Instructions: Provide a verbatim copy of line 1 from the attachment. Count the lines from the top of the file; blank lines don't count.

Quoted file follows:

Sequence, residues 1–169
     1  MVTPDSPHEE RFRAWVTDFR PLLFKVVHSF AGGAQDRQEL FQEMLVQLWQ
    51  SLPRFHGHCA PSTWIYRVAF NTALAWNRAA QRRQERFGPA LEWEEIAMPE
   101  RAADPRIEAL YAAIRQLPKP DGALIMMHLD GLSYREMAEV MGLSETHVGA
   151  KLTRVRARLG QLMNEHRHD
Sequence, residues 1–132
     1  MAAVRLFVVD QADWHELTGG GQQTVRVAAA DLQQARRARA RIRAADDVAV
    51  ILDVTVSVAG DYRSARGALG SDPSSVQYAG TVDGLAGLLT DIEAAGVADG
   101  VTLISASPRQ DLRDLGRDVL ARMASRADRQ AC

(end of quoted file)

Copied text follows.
Sequence, residues 1–169